Broker Check
8 Questions To Answer Before You Retire

8 Questions To Answer Before You Retire

April 30, 2024

Ready To Retire? Answer These 8 Questions First.

You've heard that alarm clock ring for decades. You've dealt with short deadlines, micromanaging bosses, overtime, and work trips where you only saw the inside of conference rooms and heard the term "laser-focused" one too many times. But guess what? You are near the finish line! But how confident are you in your retirement plan? Are you aware of the hurdles you'll need to go over to help ensure a long and stress-free retirement? Be sure you answer these 8 questions first.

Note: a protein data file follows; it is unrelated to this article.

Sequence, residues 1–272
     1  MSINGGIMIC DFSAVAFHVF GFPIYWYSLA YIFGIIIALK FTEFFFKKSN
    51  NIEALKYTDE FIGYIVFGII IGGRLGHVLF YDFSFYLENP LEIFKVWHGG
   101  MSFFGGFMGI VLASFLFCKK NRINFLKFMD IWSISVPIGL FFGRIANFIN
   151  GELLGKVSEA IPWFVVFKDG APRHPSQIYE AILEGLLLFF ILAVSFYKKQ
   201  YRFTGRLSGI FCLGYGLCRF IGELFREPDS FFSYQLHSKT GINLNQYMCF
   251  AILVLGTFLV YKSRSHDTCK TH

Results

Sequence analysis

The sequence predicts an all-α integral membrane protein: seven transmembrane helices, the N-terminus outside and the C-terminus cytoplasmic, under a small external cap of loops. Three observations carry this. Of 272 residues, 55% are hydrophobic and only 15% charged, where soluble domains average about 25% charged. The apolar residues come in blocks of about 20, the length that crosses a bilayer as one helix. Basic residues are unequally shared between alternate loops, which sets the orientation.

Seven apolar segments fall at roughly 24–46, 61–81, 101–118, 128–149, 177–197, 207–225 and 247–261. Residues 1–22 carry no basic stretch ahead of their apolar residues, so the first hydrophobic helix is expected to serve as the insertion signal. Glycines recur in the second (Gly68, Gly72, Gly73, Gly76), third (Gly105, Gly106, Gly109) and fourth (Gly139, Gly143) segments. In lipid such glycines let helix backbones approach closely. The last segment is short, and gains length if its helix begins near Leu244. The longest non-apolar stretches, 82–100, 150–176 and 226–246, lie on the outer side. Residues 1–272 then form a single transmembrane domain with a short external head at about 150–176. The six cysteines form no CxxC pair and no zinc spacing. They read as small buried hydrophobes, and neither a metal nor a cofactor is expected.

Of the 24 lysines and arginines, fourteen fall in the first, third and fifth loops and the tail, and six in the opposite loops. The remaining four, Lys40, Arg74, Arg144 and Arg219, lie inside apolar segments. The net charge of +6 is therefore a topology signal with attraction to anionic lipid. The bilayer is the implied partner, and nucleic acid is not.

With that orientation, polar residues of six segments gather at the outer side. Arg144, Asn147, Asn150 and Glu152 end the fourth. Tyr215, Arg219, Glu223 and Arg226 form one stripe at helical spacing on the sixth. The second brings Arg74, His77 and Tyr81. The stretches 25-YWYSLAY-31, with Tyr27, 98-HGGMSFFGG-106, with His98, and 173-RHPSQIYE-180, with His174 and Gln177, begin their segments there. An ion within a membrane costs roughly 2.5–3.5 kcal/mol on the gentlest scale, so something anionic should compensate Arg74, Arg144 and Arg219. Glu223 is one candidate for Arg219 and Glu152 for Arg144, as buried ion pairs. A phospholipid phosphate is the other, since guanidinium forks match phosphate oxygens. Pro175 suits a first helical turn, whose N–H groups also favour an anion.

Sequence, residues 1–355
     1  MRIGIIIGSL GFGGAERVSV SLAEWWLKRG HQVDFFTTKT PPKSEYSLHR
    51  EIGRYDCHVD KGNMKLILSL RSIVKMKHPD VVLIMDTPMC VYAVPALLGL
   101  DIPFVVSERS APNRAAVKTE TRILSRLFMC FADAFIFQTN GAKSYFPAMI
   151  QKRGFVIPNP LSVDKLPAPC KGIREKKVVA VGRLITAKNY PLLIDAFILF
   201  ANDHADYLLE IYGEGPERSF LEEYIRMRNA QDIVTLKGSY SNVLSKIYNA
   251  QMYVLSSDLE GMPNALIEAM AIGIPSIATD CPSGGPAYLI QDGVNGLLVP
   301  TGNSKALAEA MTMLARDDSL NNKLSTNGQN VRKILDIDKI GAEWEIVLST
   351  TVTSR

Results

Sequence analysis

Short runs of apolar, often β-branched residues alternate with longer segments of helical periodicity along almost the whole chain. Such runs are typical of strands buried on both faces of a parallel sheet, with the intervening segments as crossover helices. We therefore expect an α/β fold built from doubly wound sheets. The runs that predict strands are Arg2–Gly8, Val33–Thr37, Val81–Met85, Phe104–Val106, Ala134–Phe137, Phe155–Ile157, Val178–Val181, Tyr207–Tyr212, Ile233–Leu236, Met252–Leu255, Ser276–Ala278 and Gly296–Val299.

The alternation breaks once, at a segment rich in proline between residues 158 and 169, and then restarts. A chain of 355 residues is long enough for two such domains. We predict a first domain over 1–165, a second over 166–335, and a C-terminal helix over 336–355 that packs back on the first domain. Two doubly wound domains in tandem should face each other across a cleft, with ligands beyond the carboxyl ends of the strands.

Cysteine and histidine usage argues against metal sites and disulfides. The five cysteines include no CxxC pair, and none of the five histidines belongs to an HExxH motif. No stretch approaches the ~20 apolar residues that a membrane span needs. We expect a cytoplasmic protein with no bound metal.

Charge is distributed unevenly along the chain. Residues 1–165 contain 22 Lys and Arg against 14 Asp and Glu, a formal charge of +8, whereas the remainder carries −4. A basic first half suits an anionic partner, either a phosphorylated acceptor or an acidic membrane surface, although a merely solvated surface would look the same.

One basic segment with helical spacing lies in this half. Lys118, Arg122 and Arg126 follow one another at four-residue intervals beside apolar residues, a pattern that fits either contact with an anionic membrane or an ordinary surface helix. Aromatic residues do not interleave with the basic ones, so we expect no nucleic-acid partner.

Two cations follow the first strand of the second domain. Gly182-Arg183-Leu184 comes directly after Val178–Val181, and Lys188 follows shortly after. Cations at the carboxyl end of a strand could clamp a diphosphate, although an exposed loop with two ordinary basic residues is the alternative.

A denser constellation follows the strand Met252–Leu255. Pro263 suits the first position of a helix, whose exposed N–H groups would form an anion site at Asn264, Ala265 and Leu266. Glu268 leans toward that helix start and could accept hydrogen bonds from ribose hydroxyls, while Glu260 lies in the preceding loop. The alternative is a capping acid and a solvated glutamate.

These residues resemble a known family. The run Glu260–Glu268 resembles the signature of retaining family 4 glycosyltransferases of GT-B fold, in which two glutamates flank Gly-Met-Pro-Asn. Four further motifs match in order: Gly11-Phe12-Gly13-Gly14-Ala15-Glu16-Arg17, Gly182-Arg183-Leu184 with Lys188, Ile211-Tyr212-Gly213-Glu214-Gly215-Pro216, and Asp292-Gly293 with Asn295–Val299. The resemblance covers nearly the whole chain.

Do you have enough retirement savings?

This is the first and most obvious question to answer. How do you know whether what you have will be enough? As with most things financial, it really depends on your situation BUT there are some general guidelines to stick to. 

You need to do an estimate of how long your retirement is likely to last. This involves the not-so-fun task of estimating how long you think you will live and subtracting your retirement age. 

Now, based on your retirement span, you need to estimate what a safe withdrawal rate (the amount you will be pulling out of your retirement savings each year) is. The longer your retirement, the lower your withdrawal rate should be. A good baseline is what is commonly referred to as the 4% Rule. 

The 4% Rule comes from a famous study referred to as the Trinity Study (the actual paper was called "Retirement Savings: Choosing a Withdrawal Rate That is Sustainable"). I will summarize but if you're a super nerd, like myself, and want to read the whole thing, here is the link.